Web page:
The government recently published Sweden’s strategy for the Arctic region. As one of the eight Arctic states, the government wants to strengthen Sweden’s involvement and contribute to peaceful and sustainable development in the Arctic. One of the priorities in the Arctic strategy is for Sweden to have a leading position in polar research.
– Research in the Arctic is becoming increasingly important for understanding climate change and its consequences. It is gratifying that the government has identified polar research as critical for Sweden’s position as a leading research nation, something made possible not least thanks to the icebreaker Oden, one of the world’s leading infrastructures in ship-based polar research, says Katarina Gårdfeldt, Director-General of the Swedish Polar Research Secretariat.
The Government’s strategy for the Arctic region states that the Swedish Polar Research Secretariat will investigate possibilities for access to a heavy, polar-classified climate-neutral research vessel that can be used all year round, something that is appreciated by Katarina Gårdfeldt.
– In a not too distant future, Oden will need to be replaced and it is therefore very positive that the need for a new ship is highlighted in the strategy. This is a priority issue for us at the secretariat and also a prerequisite for Sweden to maintain its leading position in polar research.
Furthermore, the Arctic strategy emphasizes Abisko Scientific Research Station as an important logistics platform when it comes to environmental research in the Arctic. The station is part of the research infrastructure for which the Swedish Polar Research Secretariat is responsible, and at the station there is an extensive environmental monitoring program that has been going on for more than 100 years. Every year, Abisko Scientific Research Station receives around 400 researchers, both Swedish and foreign.
Polar research and environmental monitoring – one of six priority areas in the Swedish Arctic strategy
Sweden wants to be a world-leading polar research nation with the capacity for expeditions on a year-round basis and increase the international impact of Swedish polar research.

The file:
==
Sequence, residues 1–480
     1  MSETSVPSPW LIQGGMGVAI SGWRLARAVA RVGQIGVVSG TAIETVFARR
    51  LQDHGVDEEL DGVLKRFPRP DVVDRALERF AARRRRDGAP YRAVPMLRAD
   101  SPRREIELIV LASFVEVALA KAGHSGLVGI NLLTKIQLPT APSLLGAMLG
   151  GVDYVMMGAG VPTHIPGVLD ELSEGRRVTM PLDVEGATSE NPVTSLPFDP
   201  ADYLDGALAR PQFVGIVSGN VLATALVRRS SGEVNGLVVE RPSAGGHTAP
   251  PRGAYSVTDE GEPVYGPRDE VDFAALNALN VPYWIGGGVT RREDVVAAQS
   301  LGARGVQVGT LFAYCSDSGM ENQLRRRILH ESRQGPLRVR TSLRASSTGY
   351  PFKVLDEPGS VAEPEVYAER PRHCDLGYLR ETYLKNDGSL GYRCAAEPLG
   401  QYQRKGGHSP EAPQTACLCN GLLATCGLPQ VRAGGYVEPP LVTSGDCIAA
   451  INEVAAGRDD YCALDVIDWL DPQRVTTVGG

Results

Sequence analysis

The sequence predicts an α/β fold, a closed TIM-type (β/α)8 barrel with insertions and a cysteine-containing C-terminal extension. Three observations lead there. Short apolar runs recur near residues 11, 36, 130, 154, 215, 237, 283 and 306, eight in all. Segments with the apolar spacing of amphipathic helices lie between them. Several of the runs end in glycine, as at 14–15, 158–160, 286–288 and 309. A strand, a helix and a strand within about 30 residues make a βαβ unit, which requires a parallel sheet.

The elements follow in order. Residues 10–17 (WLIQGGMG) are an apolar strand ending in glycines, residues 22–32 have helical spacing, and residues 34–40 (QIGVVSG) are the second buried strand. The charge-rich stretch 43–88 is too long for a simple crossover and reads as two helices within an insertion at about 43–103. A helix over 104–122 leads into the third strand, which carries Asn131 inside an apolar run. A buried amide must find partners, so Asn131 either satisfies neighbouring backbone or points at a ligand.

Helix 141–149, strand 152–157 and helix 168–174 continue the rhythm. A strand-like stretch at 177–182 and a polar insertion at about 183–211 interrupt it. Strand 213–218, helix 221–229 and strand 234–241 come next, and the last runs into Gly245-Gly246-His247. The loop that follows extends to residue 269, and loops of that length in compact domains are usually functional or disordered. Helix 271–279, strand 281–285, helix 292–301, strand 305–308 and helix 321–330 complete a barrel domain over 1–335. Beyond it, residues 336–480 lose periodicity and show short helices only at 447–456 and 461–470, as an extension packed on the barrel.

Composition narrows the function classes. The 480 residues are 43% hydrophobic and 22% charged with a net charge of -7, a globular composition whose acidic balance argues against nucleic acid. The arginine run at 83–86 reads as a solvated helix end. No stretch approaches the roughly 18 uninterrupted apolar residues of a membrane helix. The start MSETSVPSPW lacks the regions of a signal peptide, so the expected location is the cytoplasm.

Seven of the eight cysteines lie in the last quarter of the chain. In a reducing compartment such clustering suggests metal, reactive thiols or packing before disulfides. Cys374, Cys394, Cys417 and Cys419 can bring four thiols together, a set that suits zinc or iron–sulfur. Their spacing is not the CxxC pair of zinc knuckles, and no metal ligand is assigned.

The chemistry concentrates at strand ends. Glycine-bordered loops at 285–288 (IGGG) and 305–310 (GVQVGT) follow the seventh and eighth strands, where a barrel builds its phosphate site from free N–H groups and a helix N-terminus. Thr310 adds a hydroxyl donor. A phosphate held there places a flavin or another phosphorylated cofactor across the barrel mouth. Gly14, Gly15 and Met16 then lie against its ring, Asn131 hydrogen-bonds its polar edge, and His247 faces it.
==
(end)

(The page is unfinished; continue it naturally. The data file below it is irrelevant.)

- The Government will continue to strengthen research, environmental monitoring and observation systems in and around the Arctic.
- Sweden will support and further develop international cooperation on polar research, including climate research.
- The Swedish Polar Research Secretariat needs to continue to consider possible alternatives for access to a heavily polar-classified, climate-neutral research vessel for year-round operations even when the Swedish icebreaker Oden is no longer considered to be used for research assignments.
- Sweden intends to encourage the exchange of knowledge between researchers and indigenous peoples in the Arctic and work to make traditional knowledge and scientific research mutually accessible.
Source: the Swedish Government’s Arctic strategy 2020, p. 21
The Arctic includes the areas north of the Arctic Circle and the associated eight Arctic states, i.e. Denmark including Greenland and the Faroe Islands, Finland, Iceland, Canada, Norway, Russia, Sweden, and the United States. When international bodies refer to the “Arctic” and “the Arctic states”, it refers to the area north of the Arctic Circle and the eight Arctic states. Within the Barents Council’s operations, two Swedish counties are included in the interregional co-operation, Norrbotten and Västerbotten. These are thus usually considered as Sweden’s Arctic region.
Source: the Swedish Government’s Arctic strategy 2020, p. 5
The Arctic Council is the hub for international cooperation in the Arctic, between the eight Arctic states and with non-Arctic states and organizations. The Arctic Council focuses primarily on environmental issues and sustainable development. The Council’s mandate does not cover security and military issues or fisheries management. All eight Arctic states are members of the Council. Sweden wants to see a strengthened and effective Arctic Council. The Arctic Council’s 25th anniversary, which takes place in 2021, will be an important opportunity to draw attention to what the Arctic Council has achieved.
Source: the Swedish Government’s Arctic strategy 2020, p. 8-9